The thin layer (bass) beneath the upper bark is best collected at the beginning of June. Of course, you only take as much as it does not harm the tree and it can live on. Ulrika usually uses bark of trees which have to be felled, anyway. The bark is dried in the oven to be ground afterwards. The bark flour swells a lot and does not contain gluten, so the amount in the breads and other backed goods should not be too high. A quarter of the needed flour can be substituted easily. We thought the taste was special. You would think it is resinous, tart, maybe even bitter. However, the nutritional bark does not only carry vitamins, but also the trees sugar, which is why the flour has a lightly sweet, savory note. To bake the barkbröd in the middle of the woods was an extraordinary experience. Just sitting together around the fire, spreading some butter in the breads and enjoying the lights through the tree crowns was superb!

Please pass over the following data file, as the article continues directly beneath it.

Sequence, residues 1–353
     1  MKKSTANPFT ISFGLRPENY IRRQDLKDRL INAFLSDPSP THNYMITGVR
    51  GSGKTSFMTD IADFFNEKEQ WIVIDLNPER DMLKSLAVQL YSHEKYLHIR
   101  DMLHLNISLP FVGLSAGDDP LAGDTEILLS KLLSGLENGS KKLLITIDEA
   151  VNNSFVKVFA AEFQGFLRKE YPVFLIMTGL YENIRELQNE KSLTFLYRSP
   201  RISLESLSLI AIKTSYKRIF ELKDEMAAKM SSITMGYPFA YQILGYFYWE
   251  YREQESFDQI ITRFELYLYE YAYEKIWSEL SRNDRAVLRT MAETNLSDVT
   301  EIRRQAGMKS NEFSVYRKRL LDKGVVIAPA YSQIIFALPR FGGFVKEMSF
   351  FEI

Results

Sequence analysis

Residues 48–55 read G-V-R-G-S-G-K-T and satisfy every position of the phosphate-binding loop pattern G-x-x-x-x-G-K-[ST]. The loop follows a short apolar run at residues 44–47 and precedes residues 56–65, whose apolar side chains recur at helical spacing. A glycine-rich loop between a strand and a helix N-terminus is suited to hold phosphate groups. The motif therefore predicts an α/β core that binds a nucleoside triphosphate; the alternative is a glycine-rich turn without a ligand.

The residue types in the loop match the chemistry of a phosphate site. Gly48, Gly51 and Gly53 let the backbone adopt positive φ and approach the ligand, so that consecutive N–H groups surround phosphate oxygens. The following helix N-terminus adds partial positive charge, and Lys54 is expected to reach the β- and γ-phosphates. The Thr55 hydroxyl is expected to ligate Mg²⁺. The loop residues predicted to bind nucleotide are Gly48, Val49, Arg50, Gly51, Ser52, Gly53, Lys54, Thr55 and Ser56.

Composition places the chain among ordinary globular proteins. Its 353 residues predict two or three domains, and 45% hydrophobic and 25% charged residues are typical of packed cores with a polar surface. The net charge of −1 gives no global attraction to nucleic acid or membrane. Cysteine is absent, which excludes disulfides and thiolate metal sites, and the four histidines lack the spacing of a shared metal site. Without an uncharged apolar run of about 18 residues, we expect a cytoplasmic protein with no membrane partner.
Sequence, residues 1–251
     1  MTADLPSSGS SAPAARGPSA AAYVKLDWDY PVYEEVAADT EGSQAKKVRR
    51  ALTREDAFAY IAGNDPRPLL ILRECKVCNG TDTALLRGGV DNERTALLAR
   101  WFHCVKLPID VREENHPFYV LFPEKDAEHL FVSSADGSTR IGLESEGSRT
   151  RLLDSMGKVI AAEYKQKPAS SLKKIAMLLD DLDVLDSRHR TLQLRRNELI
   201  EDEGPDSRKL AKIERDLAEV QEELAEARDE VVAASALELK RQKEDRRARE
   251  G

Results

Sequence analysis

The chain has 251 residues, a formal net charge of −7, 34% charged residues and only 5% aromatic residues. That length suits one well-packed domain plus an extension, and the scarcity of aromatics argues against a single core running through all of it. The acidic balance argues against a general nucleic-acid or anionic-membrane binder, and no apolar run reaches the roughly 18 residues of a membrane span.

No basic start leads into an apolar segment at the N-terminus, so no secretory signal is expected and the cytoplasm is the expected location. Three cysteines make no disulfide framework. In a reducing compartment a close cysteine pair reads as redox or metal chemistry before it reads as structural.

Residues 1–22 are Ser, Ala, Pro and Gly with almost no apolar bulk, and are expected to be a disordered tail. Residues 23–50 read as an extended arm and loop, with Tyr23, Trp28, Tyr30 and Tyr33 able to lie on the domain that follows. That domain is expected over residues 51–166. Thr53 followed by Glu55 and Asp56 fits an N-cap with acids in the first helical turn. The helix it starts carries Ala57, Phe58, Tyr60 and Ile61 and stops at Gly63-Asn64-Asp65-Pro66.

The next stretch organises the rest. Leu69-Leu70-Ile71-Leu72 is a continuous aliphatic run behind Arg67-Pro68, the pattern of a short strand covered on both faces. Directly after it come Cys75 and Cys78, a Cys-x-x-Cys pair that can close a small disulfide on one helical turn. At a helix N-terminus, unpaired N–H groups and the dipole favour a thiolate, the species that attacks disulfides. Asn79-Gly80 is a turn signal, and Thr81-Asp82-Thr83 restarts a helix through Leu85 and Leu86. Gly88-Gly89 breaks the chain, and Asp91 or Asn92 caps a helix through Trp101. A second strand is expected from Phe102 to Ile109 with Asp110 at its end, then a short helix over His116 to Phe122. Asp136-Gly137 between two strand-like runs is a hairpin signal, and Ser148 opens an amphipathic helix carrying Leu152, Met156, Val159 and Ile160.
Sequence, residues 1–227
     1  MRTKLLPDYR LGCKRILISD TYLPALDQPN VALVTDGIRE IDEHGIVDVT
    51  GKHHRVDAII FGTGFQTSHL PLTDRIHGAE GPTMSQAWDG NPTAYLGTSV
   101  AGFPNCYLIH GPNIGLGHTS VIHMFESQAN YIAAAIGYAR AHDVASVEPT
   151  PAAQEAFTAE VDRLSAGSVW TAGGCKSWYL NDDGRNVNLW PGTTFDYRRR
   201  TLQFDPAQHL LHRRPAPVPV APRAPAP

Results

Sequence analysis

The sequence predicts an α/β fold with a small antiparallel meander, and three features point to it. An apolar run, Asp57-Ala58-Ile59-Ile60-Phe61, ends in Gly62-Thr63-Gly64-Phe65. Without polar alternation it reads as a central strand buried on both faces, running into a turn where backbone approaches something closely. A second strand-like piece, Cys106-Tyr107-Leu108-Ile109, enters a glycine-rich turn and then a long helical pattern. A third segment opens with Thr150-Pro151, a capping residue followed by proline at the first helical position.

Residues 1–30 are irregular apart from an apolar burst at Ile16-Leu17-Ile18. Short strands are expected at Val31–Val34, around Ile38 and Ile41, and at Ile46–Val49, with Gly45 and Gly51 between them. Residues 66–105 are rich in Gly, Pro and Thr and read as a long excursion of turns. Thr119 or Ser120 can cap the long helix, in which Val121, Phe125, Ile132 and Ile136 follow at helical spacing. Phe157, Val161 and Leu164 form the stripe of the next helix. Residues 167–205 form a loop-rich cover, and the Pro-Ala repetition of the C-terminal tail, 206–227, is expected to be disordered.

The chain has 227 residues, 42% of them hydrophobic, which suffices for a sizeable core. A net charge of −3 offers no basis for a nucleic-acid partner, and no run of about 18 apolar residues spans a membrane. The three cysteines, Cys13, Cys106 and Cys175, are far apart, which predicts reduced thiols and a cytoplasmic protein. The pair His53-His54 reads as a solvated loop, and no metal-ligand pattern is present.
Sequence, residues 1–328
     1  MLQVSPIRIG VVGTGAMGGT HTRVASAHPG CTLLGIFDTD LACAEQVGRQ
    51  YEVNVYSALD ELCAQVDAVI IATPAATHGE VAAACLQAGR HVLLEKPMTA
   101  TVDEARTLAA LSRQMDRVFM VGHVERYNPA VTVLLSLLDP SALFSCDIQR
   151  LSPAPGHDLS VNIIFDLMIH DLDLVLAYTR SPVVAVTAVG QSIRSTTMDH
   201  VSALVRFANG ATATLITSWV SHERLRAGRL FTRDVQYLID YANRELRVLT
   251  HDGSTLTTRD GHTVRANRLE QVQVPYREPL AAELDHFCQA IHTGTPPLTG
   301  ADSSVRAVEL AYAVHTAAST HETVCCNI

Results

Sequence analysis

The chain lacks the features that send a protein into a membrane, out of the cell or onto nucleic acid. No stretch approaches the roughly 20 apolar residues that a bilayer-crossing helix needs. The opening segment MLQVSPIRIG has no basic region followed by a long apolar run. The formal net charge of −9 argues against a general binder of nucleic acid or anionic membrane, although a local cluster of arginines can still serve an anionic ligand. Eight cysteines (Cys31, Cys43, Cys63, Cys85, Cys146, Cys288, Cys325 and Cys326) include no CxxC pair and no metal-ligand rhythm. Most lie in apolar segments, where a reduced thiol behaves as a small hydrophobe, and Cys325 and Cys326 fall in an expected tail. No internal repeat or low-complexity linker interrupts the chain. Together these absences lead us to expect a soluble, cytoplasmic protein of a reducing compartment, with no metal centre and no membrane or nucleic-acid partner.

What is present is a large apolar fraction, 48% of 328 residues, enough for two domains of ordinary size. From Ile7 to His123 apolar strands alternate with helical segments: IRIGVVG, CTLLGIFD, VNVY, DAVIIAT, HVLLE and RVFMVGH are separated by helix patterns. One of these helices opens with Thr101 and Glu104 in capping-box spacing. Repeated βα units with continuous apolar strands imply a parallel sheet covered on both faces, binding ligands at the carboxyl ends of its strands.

Did you know there is a word in Japanese for the light falling through the trees? Komorebi. We got to know this term from Gabriele Kubo, a florist living in Japan. With their project “Art in Nature”, Ulrika and Håkan give artists the opportunity to live in their woods and to create something which mirrors the philosophy and the feeling concerning Urnatur. Gabriele was chosen to be this year’s artist and she decided to create a place in the woods where you can meet, enjoy the surroundings and just be. Her object is a planted table in Japanese height, at which you can sit at eyelevel with the plants of the woods. She incorporated uncountable mosses and plants she found in the woods into the table. The inner of the table is made of earth so the plants can keep growing and the table will change over time. It shall become a living object. The artist chose a spot in the woods where in summer from 12:30 on, the table is engulfed in a light spectacle. Then, the sun breaks through the tree tops and dances on the mosses and ferns on the wood table. It is beautiful. The moss cushions are so comfortable you spend the whole day there and discover a thousand things. We are happy that we were at the initiation.